Three questions to Wouter Bulthuis of Rijkswaterstaat

News item
12-11-2018
sea lock, salizination

The new sea lock will be the largest sea lock in the world. This means that when the new lock will be used, more salt water will flow into the North Sea Canal. What is Rijkswaterstaat doing about the salt water? That is what we ask Wouter Bulthuis, Area Manager of the Selective Extraction of Saltwater at IJmuiden Project.

 

Why is it that more salt water will flow into the North Sea Canal?

'With a size of 70 metres wide, 500 metres long and 18 metres deep, the new sea lock will be the largest in the world. Each time one of the IJmuiden locks is used, a volume of sea water flows into the Canal. Using the new sea lock, however, involves a much larger volume than using the North Lock. Converting the extra volume into weight, it means that roughly 40 extra truckloads of road salt are brought into the Canal. That is a lot. There is also another factor playing a role in the background. That factor is sea level rise as a result of climate change. It means that more seawater - and more salt - is expected to be entering the North Sea Canal in the future. Also, due to the hydrostatic pressure of sea water, more seepage water will enter the low-lying polders. This is called salinization and especially in dry periods it can be detrimental to nature, agriculture, horticulture and the supply of drinking water in the vicinity of the North Sea Canal.’

What measures is Rijkswaterstaat taking to counter the effects of salinization?

‘The measures we are taking are aimed at preventing more salt from entering the Canal as a result of using the larger sea lock. This means that a so-called zoutvang (a salt water capturing system) will be built in the Binnenspuikanaal (the inner sluicing channel) at the beginning of the North Sea Canal. You can imagine this system as a kind of letterbox. The salt water near the bottom of the Canal will be transported back to sea through the slot in the letterbox. The zoutvang operates according to the phenomenon that in the Canal fresh water is layered over salt water due to the fact that salt  water is heavier than fresh water. That is why the bottom layers contain salt water and the top layers contain fresh water. By using the pumping station in the North Sea Canal, we will see to it that with this 'letterbox system' as much salt water as possible will be pumped or sluiced back to sea. The fresh water in the Canal will retained by the zoutvang.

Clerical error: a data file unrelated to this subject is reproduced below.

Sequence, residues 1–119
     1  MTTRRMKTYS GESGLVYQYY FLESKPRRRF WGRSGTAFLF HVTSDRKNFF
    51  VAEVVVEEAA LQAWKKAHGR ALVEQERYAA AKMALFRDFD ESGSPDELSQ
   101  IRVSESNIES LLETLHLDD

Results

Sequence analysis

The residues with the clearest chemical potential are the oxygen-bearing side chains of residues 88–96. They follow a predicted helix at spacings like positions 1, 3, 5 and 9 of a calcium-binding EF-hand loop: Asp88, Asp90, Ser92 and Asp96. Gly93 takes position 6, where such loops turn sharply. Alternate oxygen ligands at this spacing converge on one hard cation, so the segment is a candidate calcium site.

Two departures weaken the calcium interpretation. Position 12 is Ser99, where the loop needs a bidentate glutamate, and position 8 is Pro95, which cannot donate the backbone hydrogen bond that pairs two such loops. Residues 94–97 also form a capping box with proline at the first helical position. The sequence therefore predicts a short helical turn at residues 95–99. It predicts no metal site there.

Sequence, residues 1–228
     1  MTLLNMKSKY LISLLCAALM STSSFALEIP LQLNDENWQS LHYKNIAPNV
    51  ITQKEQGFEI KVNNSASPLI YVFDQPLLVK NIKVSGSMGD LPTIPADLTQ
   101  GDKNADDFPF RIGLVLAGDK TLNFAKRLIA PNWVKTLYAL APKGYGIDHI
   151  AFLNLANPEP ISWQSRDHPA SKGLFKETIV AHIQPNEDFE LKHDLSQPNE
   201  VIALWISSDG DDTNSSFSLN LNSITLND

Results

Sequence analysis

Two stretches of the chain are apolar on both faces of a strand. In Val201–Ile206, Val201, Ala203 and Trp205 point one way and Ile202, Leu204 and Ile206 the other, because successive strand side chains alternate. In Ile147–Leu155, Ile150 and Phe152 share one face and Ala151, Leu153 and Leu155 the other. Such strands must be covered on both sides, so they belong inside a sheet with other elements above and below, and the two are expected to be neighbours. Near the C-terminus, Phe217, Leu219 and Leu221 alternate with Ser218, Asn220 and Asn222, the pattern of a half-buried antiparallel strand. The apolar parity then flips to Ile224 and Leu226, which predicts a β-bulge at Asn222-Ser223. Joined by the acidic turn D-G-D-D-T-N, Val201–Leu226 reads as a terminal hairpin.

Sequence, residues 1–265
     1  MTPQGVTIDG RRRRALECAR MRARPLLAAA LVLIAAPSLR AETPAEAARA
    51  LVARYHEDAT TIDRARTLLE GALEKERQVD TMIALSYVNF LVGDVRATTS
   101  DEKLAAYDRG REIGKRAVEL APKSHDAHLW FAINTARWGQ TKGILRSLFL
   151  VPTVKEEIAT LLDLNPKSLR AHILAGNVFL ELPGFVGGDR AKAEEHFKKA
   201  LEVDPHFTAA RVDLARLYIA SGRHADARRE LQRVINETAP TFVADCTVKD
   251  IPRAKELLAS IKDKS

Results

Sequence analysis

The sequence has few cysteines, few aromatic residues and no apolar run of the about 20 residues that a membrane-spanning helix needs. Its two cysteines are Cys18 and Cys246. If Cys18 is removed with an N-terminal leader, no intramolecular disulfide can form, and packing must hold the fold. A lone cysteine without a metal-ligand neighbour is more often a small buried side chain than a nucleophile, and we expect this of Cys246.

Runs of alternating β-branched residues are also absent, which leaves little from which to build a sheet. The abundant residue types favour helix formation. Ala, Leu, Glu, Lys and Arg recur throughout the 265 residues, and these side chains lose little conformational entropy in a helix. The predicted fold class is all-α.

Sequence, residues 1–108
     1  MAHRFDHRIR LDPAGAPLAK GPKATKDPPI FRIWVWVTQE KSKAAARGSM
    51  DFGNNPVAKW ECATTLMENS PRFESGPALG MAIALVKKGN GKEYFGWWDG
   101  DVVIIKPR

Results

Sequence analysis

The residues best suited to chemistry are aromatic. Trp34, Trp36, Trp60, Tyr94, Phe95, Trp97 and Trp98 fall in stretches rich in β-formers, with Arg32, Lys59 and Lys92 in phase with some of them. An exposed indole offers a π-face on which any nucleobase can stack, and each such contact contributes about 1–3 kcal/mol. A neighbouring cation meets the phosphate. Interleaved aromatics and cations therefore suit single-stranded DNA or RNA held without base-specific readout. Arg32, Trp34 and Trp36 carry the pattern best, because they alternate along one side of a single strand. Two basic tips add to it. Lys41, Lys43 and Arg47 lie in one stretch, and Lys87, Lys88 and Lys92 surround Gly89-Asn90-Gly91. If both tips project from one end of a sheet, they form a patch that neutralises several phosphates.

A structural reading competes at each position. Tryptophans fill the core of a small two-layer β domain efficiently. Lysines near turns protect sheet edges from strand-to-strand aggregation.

Rijkswaterstaat has just ordered the design of the zoutvang and is busy preparing a contract for its construction. The contract will be put out to tender in 2019, and construction is expected to start by the end of 2020 or the beginning of 2021. The new sea lock will be completed a year earlier than the zoutvang. We will bridge this period with interim measures. These measures may include a more effective use of the lock - which will result in less salt water being transported into the Canal, or a longer use of the existing North Lock. A definitive package of measures will be announced later.'

What is the greatest challenge in designing the zoutvang?

'The greatest challenge is determining its effectiveness. We must look for the best possible location in the Binnenspuikanaal. We are now investigating the current in that area. The zoutvang must be located in a place with as little turbulence as possible to prevent the salt water from mixing with the fresh water. This is an important precondition. The integration of the zoutvang into the existing environment will also be quite a challenge. At the moment, the North Sea Canal Area is an environment with plenty of activities in a relatively small area. Due to the lack of space, it will be quite a puzzle to get everything in place. Because the activities for the zoutvang will take place in the Binnenspuikanaal and not in the North Sea Canal itself, shipping will not be affected. Lay-bys for inland barges in the Binnenspuikanaal, though, will have to be moved to another location within the lock complex and we think that will make the south side of the Canal a busier area. We have to strike a compromise between the available space and the diverse marine activities.'

 

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